Develop and demonstrate algorithms for video event description and recognition: This work will develop methods of classifying motions and interactions of objects into specific categories constituting events that are important in the current mission context. TI will develop methods of representing and detecting such things as a person parking a vehicle in a sensitive location and then driving away in a second vehicle.


New capabilities produced in this research will be integrated into TI existing video surveillance architecture. The architecture will provide a graphical interface that supports display of detected objects and events on a map of the region under surveillance.

Robust Moving Object Detection and Tracking

Moving object detection algorithms generally work by comparing the incoming video image to a model, detecting and analyzing deviations from the model, and attributing the difference either to the presence of a moving object or to noise. Our approach to robust detection and tracking is to enhance the models to exploit:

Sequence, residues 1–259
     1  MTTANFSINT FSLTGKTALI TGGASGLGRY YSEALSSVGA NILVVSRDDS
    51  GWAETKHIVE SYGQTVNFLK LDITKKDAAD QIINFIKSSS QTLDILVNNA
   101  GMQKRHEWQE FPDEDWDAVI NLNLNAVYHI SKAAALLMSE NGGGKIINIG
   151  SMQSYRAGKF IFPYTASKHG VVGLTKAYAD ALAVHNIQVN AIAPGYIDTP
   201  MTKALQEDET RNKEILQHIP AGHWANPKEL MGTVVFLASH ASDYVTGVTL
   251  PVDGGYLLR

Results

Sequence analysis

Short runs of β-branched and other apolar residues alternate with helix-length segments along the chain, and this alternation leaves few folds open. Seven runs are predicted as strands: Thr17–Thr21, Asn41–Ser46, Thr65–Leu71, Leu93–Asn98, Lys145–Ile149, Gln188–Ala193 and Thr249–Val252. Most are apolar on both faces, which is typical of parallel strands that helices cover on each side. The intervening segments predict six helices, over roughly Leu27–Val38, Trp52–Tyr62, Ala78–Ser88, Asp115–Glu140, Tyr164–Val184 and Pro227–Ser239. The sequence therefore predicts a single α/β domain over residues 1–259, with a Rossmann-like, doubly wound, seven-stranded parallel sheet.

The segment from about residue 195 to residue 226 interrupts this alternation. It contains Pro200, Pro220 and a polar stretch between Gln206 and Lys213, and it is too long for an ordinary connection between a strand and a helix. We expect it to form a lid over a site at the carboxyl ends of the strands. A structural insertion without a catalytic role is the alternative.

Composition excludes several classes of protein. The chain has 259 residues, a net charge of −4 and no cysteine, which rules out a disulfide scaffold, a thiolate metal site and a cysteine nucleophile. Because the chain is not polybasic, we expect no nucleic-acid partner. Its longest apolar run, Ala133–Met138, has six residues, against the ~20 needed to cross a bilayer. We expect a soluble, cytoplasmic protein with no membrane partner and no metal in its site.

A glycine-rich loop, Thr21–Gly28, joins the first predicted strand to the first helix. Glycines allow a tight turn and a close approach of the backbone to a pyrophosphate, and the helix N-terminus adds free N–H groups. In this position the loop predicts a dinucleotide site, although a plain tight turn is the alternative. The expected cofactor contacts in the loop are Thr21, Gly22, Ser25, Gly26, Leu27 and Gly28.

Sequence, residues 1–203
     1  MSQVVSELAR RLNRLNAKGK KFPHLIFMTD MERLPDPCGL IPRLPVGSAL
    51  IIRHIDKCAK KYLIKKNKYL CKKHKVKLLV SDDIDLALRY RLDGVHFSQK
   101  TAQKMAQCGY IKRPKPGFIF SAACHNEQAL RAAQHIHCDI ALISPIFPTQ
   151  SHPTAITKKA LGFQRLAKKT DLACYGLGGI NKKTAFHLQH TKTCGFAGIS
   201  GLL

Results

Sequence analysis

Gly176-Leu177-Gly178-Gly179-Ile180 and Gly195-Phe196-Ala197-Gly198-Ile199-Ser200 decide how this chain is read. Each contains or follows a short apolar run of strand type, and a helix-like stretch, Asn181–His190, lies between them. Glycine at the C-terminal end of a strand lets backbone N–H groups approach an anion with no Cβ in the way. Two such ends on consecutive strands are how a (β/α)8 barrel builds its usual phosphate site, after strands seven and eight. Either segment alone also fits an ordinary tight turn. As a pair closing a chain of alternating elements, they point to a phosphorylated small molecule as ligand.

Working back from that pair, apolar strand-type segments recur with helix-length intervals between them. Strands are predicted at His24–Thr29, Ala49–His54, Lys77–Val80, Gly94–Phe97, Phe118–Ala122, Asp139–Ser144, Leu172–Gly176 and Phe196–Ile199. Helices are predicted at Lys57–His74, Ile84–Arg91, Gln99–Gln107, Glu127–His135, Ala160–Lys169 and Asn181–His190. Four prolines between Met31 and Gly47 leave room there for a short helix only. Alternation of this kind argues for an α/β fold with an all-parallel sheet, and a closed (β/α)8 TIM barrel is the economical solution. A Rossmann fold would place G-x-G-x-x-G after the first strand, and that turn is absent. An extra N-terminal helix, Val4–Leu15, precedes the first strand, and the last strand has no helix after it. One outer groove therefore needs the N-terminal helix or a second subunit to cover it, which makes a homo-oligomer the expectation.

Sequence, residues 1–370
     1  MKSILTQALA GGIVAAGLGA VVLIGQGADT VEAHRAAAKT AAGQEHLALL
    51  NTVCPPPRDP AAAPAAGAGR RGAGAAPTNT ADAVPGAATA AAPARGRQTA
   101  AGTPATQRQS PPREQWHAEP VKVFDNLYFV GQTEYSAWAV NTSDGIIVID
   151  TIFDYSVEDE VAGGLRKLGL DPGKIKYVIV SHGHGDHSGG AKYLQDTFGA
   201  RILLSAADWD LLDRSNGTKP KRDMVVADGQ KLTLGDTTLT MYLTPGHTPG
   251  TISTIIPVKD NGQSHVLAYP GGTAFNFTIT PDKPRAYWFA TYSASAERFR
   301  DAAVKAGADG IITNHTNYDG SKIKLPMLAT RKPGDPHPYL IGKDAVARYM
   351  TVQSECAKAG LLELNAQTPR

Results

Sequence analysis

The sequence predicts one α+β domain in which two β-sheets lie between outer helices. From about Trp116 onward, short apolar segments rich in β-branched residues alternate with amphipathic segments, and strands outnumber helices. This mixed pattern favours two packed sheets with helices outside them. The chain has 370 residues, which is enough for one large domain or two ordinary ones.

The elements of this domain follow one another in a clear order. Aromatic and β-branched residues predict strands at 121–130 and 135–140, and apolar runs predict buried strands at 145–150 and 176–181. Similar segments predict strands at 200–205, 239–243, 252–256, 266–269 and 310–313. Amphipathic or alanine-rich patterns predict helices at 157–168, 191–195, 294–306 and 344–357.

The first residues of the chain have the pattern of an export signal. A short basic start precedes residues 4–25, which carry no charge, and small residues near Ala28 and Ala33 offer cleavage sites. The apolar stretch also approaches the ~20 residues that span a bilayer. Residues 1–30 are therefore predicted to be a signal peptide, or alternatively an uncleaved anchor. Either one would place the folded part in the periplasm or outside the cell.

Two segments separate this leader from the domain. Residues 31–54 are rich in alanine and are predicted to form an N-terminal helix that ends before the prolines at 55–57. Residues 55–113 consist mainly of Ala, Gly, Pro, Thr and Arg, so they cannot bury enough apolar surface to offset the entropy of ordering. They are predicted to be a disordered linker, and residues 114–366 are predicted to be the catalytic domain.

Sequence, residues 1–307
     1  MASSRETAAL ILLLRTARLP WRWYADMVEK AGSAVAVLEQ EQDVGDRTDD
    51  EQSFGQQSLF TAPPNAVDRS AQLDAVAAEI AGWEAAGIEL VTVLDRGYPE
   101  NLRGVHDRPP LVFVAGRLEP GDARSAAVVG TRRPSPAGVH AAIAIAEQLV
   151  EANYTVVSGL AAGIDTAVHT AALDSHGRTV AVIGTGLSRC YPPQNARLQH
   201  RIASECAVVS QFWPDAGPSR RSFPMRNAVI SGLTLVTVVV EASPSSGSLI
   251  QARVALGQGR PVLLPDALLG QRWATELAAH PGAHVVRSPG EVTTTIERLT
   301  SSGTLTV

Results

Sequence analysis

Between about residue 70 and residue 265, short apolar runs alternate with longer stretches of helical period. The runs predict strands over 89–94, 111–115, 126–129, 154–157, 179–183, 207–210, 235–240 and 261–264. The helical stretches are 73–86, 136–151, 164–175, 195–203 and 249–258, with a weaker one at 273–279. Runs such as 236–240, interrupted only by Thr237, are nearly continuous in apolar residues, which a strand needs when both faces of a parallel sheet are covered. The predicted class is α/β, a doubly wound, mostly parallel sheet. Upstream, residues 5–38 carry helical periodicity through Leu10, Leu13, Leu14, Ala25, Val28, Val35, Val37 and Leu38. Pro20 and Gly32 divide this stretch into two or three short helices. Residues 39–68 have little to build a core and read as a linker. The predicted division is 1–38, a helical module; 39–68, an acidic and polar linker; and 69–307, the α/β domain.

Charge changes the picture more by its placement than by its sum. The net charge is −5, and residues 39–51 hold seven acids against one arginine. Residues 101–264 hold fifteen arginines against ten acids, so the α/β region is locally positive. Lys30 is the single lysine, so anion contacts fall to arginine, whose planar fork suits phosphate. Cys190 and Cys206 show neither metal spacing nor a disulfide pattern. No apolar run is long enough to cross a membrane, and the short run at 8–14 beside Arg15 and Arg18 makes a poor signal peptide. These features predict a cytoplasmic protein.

• Context: We will use context to predict the expected appearance and location in the image of moving objects, to predict occlusion, and to select and initialize dynamic models of the background.
  • Dynamic models: We will develop models that capture the ways images change over time, including such things as motion of vegetation, diurnal variations in temperature and illumination, et cetera.

Event Detection and Recognition